For the sixth year in a row, the sun shone on the festivities of Polly Hill Arboretum’s summer solstice celebration, held Saturday afternoon on the arboretum grounds in West Tisbury.

“We like to think it’s a little bit of Polly’s magic,” said education and outreach adminstrator Karin Stanley. The arboretum was founded in 1958 by horticulturalist Polly Hill, who intended to create a space for preservation and cultivation of threatened plants as well as increase the range of plants that could grow in the Island climate. Adding an extra dash of magic, one of these introduced plants, the signature Julian Hill magnolia, was in bloom during the festival. The southern magnolia (named for Polly’s husband) was planted in 1961 and produces white blossoms that often reach 18 inches in diameter.

More than 450 guests roamed the 70-acre landscape during the festival, which featured a nature crafts area for children, guided tours of the arboretum, a scavenger hunt and a plant sale (Rebekah Nivala of Vineyard Haven, winner of a raffle for a large Stewartia tree, was lucky enough to take home a free plant). Throughout the day there were musical performances by the Flying Elbows and the Vineyard Sound a cappella group, storytelling, and refreshments for all, much to the delight of visitors.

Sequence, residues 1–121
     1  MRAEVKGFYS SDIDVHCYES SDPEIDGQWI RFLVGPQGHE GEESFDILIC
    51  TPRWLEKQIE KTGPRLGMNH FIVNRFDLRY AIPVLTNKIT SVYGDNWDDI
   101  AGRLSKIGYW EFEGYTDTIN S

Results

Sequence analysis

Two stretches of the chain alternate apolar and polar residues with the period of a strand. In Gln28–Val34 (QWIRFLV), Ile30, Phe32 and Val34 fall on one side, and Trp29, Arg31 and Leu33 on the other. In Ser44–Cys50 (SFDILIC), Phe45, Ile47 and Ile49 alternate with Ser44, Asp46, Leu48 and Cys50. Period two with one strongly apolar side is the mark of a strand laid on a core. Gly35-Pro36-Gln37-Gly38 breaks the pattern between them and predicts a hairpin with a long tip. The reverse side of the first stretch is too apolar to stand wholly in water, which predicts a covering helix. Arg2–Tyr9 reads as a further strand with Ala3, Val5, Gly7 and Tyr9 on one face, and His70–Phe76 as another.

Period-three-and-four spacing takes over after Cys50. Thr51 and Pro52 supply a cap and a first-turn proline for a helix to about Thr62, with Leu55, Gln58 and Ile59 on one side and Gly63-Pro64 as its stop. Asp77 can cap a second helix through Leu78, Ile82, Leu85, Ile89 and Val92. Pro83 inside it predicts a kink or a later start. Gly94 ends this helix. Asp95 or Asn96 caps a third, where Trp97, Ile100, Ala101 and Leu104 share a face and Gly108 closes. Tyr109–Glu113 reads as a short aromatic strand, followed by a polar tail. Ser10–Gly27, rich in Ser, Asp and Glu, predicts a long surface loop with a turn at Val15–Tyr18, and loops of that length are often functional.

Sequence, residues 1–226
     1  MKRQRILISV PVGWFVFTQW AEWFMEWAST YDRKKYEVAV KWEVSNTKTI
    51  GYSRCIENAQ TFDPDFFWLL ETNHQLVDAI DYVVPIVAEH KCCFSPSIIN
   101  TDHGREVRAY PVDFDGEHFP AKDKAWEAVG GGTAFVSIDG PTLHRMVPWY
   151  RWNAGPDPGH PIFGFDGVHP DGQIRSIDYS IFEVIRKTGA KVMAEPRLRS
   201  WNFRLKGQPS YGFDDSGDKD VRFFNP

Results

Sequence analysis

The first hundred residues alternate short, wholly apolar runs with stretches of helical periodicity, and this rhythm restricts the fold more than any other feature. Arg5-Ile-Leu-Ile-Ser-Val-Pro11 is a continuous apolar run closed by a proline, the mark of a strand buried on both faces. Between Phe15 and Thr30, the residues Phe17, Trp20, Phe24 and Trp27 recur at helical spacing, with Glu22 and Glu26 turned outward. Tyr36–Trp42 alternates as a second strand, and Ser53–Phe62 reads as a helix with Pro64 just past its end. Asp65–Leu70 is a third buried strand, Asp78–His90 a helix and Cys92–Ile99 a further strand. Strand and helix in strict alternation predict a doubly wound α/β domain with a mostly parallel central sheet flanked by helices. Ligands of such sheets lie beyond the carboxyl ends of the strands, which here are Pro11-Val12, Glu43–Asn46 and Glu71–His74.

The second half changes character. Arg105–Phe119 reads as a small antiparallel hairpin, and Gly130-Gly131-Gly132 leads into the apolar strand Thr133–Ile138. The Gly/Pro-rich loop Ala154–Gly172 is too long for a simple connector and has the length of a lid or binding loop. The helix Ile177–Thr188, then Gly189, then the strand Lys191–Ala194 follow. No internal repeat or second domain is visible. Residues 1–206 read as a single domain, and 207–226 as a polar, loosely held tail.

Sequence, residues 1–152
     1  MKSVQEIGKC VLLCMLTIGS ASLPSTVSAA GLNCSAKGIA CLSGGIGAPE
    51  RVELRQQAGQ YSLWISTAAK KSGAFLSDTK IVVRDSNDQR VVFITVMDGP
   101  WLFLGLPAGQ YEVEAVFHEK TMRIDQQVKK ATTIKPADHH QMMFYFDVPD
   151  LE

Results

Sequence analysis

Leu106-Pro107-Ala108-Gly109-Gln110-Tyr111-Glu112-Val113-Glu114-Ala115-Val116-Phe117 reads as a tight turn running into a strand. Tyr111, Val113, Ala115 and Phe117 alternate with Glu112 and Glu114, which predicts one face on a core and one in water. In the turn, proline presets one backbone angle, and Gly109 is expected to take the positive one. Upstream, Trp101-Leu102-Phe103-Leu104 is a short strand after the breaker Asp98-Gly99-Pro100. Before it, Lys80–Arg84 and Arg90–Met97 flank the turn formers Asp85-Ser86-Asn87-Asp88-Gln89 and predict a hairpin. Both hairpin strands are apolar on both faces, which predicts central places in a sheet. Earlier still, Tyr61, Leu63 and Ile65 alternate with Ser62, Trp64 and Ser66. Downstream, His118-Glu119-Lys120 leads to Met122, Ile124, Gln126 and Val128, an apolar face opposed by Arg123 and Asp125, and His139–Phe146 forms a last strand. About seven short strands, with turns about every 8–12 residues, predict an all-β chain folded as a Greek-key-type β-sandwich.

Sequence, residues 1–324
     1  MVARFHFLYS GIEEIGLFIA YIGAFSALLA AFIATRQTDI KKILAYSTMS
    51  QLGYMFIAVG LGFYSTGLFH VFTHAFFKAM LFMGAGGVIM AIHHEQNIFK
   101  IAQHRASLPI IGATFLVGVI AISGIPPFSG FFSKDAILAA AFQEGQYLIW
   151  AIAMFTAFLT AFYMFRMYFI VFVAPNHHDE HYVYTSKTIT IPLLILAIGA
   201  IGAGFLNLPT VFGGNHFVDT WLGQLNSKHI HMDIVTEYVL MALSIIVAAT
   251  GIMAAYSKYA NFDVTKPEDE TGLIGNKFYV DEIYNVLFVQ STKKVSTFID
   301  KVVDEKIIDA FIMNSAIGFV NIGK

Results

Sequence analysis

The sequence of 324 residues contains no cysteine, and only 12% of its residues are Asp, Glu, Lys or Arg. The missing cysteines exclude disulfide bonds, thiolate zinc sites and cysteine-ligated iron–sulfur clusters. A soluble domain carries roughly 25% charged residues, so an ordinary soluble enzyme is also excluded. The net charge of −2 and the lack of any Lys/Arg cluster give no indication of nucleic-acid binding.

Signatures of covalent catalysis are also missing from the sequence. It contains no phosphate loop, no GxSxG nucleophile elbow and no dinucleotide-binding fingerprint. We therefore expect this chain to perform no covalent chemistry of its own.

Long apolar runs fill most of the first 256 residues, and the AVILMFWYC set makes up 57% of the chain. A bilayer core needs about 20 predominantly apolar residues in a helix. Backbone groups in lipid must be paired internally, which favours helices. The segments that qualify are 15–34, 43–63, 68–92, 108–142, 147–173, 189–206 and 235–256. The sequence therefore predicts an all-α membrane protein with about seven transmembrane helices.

Lucy Altman-Coe, Hannah Hagen and Wyndham Welles. — Ivy Ashe

“I allow myself to eat a hot dog twice a year, and one of them is here,” said Joan LeLacheur of Aquinnah, who took part in the celebration as a member of the Spindrift Marionette Troupe. The troupe’s giant puppets were the focus of a well-received processional through the park, which featured papier-mache incarnations of Mother Earth and Father Sky. This year a new Sea Goddess puppet joined the duo, her train of translucent blue silk held up by Tisbury School students Justine Cassel and Sam Graber-Hahn.

“It’s our favorite event of the year,” said Vineyard Haven resident Tricia Sirakovski, whose children Esmé and Felix Colon were two of the many scavenger hunt participants. Sticker books, beaded bracelets and other prizes awaited those who journeyed through the park to complete the hunt, locating trees and shrubs on a map as they went.

Volunteer coordinator Nancy Weaver noted that although the solstice celebration is “our big day,” visitors are encouraged to stop by the arboretum throughout the year. The grounds, located off State Road, are open from sunrise to sunset.